When you’re stuck with a dying smartphone battery, you may not think twice about plugging into the nearest USB charging station. There are kiosks at the mall or at the airport, complete with USB ports ready for use next to the outlet for you to plug in your charging cable. Not so fast. Warnings of juice jacking may cause you to reconsider.
Things you need to know about Juice Jacking and how to avoid it
If you’re lucky, they’ll also have the charging cables ready for your phone’s charging port. For those with a tiny sliver of battery left and a long waiting time to waste, these may seem like fantastically generous perks and a ray of life for your almost dying smartphone. But think about it for a minute. This is your smartphone. There haven’t been any recent reports of an actual case of so-called “juice jacking” but it exists.
Juice jacking does not yet seem to be a significant threat, and it’s always a good idea to avoid potential risks and alternatives before boosting the battery at public charging stations, such as airports, malls, or even hotels.
What is juice jacking?
Juice jacking is a type of cyber-attack involving a charging port that doubles as a data connection, typically over USB. This could be that someone loaded malware on a USB port or on a USB cable connecting to one of these public charging stations. While your phone is charging, the attacker might be able to infect your smartphone with a virus or malware that could track your keystrokes or even steal your data.
That’s juice jacking.
The idea has been demonstrated by security analysts in the last decade. A demonstration showed that the device could be hijacked by a USB charging station in disguise. And, like skimming a credit card, most hacking or unauthorized smartphone access goes undetected.
So, yes, juice jacking is real.
How does juice jacking happen?
Whether you’ve got an iPhone, BlackBerry, or an Android phone, smartphones have one thing in common: power supply and data stream from the same cable.
This could spell trouble. When your phone connects to another device, it pairs to that device and establishes a relationship of trust. This implies that the apps could share data. So, during the charging process, the USB cord opens a path to your device that can be used by malicious hackers.
On most phones, the data transfer is disabled by default (with the exception of devices running older Android versions) and the link is only available on the power-providing end.
For example, when you plug your phone into your computer, a message on your computer may ask you to trust your device.
In the case of juice jacking, the phone owner could not see what the USB port is connected to. So if you plug in your phone, if anyone checks on the other end, they can be able to access the data between your phone and theirs.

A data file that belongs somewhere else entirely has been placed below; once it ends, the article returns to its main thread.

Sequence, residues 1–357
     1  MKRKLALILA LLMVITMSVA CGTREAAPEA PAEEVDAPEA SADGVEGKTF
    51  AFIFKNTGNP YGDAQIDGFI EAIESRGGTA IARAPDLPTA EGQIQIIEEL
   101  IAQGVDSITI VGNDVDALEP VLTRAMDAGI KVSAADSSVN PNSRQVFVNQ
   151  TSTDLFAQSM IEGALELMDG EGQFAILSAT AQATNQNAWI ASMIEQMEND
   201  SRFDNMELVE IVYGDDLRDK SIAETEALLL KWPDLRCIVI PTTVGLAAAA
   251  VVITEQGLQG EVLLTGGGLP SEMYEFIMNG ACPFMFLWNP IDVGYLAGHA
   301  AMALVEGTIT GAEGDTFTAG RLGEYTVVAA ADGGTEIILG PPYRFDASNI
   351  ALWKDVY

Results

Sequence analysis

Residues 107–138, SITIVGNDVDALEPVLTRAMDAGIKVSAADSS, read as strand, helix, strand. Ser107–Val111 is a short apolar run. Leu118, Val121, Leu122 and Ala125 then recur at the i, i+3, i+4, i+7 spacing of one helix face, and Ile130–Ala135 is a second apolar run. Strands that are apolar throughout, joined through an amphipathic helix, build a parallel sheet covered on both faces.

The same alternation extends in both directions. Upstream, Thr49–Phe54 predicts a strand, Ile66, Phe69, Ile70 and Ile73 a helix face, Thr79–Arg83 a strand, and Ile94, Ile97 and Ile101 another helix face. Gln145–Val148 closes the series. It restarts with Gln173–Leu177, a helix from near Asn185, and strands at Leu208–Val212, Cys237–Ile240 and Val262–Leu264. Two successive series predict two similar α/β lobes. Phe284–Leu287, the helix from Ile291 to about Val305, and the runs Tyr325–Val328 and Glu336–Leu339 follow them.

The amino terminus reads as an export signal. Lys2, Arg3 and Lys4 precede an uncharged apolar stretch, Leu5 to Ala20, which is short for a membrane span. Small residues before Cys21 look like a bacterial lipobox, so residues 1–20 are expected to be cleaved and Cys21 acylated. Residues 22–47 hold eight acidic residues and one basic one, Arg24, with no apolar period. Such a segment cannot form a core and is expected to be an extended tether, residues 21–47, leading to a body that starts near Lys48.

How vulnerable is my phone?
The good news is that mobile phone developers have been working on a solution, and phones have become more stable. As you’ve undoubtedly noticed, Apple devices like your iPhone and your iPad are now giving you “Trust this computer?” dialogue if you connect your phone to a new machine or gadget. In theory, if you say, “Don’t trust,” whichever device that you are connecting to shouldn’t have access to your data. Android phones have similar security and authentication features as well.
If you plug in a charging station that is power-only (like when you plug in the wall with your AC adapter), then you shouldn’t be prompted with “Trust this computer”. If you plug in a public charging station and get that message, it’s a big red flag. Unplug your phone and let the others around you know that there is something wrong.
How do you avoid juice jacking?
Just because potential attacks can be launched over a hacked public charging station doesn’t mean you’re going to have to give up on comfort. Besides keeping an eye out for the “Trust this computer?” There are other steps that you can take. It’s also safer to have layers of protection — clever hackers can override the trusted system authentication.
There are a few ways you could still safely charge your phone in public1:
1) Avoid plugging in your device to public USB ports. These ports are the usual targets for attackers to take advantage of. Instead, find a power outlet where you can charge your phone.
2) Bring your own charger. Make it a habit of bringing your own charger so you can be sure that you’re only getting power out of it.
3) Get a power-only USB cable. Consider replacing your USB connecter with one that only transmits power when you charge your device. Cords that can transmit both power and data are more vulnerable to cyber-attacks.
If you are careful, you can reduce your vulnerability dramatically. Not only that, some of the solutions — such as a fast-charging cable or a portable power bank — are useful for more than one reason.
Your best defense against juice jacking is to understand the risks. Keep your device charged at all times, plug in a backup power bank, enable any security features on your device provided by the manufacturer, and consider using a USB pass-through device.
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